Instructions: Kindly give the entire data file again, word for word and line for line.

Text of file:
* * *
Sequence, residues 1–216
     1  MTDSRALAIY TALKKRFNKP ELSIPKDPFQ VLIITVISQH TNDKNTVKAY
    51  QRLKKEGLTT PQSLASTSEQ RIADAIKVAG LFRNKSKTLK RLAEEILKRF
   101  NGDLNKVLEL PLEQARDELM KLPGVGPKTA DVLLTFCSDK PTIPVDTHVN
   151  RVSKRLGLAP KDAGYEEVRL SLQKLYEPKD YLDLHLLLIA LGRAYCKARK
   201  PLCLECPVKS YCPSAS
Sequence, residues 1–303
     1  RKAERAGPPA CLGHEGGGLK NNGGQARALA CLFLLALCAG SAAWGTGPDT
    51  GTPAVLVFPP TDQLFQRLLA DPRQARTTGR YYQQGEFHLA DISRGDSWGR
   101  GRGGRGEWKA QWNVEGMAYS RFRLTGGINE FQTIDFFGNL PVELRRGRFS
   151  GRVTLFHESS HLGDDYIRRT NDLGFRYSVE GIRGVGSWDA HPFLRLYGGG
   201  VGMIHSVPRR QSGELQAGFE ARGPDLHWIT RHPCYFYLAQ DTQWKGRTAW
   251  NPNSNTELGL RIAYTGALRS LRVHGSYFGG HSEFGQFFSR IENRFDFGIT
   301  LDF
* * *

Sequence, residues 1–216
     1  MTDSRALAIY TALKKRFNKP ELSIPKDPFQ VLIITVISQH TNDKNTVKAY
    51  QRLKKEGLTT PQSLASTSEQ RIADAIKVAG LFRNKSKTLK RLAEEILKRF
   101  NGDLNKVLEL PLEQARDELM KLPGVGPKTA DVLLTFCSDK PTIPVDTHVN
   151  RVSKRLGLAP KDAGYEEVRL SLQKLYEPKD YLDLHLLLIA LGRAYCKARK
   201  PLCLECPVKS YCPSAS
Sequence, residues 1–303
     1  RKAERAGPPA CLGHEGGGLK NNGGQARALA CLFLLALCAG SAAWGTGPDT
    51  GTPAVLVFPP TDQLFQRLLA DPRQARTTGR YYQQGEFHLA DISRGDSWGR
   101  GRGGRGEWKA QWNVEGMAYS RFRLTGGINE FQTIDFFGNL PVELRRGRFS
   151  GRVTLFHESS HLGDDYIRRT NDLGFRYSVE GIRGVGSWDA HPFLRLYGGG
   201  VGMIHSVPRR QSGELQAGFE ARGPDLHWIT RHPCYFYLAQ DTQWKGRTAW
   251  NPNSNTELGL RIAYTGALRS LRVHGSYFGG HSEFGQFFSR IENRFDFGIT
   301  LDF